My issue with competition is that it is so often such a failure of imagination. We have this new thing that comes out of the French-German anti-competitive tradition. And for many English-speaking people who are acculturated to competition this is mind-blowing idea. I’ve seen many communities, and it’s interesting to see how people deal with something new to them. Some have taken this non-competitive practice as a breath of fresh air – something new and interesting and an opportunity to learn. Then you get the people who just start to think about it on local established terms. To me, that’s just lazy and unimaginative. Like, “I have this new amazing French thing that I love and makes me happy… but I need to fix it so it’s less new and less French.”

I find it hilarious how many people treat their inability to cope with novelty as some kind of awesome and unique rebellion. There’s nothing progressive, edgy or original about adding competition to anything in an Anglo nation. I can’t think of anything more conservative. Cultivating a business, community, practice that is anti-competitive is the radical and edgy move in this context, albeit, significantly more challenging. Obviously, it’s a bit different from place to place.

Competition is dependent on context and the competitors.

 

  1. Do you think the parkour vs. freerunning discussion about definitions and such is over or is there still potential for conflict and need for clarification? If you see the need for clarification: Can this issue ever be 100% clarified and be dealt with?

Alex: I think we are getting pretty close to being settled. The debate remains open as long as some people continue to insist that there is no difference. But history generally pushes for diversification and this is where language becomes important. Parkour is a word that defines a specific practice which was defined by a specific guy in a specific place. Freerunning and Art du Deplacement were defined by different people in different places and refer to different practices. Words relate to history. Right now, everyone feels like they are inventing something or redefining something. But I feel like diversification is a matter of time. Parkour and freerunning are close and complimentary disciplines. So close that it can be tempting to blur boundaries in practice. But it’s not all just about practice, origin and history matters. I guess we’ll wait and see how it all plays out.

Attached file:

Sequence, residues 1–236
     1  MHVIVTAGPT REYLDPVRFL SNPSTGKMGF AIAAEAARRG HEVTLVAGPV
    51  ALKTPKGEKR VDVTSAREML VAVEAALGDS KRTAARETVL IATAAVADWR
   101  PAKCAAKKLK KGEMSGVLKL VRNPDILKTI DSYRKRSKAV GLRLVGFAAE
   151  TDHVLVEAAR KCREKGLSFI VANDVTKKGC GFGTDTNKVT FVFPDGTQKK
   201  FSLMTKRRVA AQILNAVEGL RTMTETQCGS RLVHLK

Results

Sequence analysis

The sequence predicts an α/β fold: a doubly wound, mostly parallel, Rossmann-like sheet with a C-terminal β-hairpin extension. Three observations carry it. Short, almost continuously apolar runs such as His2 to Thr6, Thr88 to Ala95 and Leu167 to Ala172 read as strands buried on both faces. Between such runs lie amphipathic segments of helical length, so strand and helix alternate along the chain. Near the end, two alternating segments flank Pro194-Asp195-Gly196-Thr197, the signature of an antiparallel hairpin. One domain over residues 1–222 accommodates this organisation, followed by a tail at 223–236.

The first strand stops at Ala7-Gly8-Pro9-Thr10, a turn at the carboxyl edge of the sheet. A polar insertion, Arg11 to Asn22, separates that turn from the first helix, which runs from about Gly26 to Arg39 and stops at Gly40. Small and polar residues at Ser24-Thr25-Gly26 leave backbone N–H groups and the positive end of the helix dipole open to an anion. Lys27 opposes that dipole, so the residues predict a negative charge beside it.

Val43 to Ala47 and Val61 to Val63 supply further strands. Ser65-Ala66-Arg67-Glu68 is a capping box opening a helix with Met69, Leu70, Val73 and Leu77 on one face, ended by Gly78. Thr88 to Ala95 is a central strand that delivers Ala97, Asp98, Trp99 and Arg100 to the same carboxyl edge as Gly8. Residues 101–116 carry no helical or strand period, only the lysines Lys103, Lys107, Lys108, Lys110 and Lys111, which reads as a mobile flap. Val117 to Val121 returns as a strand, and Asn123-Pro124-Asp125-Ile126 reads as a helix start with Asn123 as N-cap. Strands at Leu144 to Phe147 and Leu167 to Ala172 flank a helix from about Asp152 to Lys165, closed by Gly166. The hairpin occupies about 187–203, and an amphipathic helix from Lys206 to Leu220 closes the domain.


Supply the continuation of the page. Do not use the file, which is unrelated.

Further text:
Section D – Traveling and communities worldwide

Alex – Intro: I moved around a lot, but I got to spend a few months in USA, Canada, Denmark, Russia and Ukraine. Then, shorter periods at each place (two weeks of so) moving around England, France and Japan. Also, I’ve been all over Australia except for Perth (sorry guys!). In some places I moved around a lot looking for regional communities. In other places I spent the time mostly in one place.

  1. What do you feel makes a strong, inclusive, sustainable local parkour community?

Alex: Leadership. I spent a long time thinking about this and trying to figure out the difference between tight and lose collectives. Leadership was the big factor. Wherever there was a person willing to spend a great deal of time articulating, teaching, defining ideas, there was always a strong community. These communities weren’t always unified – some were quite fragmented – but a strong leader was always important. Some would hate them, some would love them, but everyone needed someone to translate parkour from an abstract idea seen on videos into something that made sense to the people on the ground. Before you have a deeply involved local leader parkour is some cloud-like idea floating around on the Internet. Leaders translate that into real movement, local philosophy and then communicate it back into the international sphere. Without a defined and committed leader you just have small groups moving in a way that doesn’t really feed back to the next level. They may have good movement, but rarely does that become a community.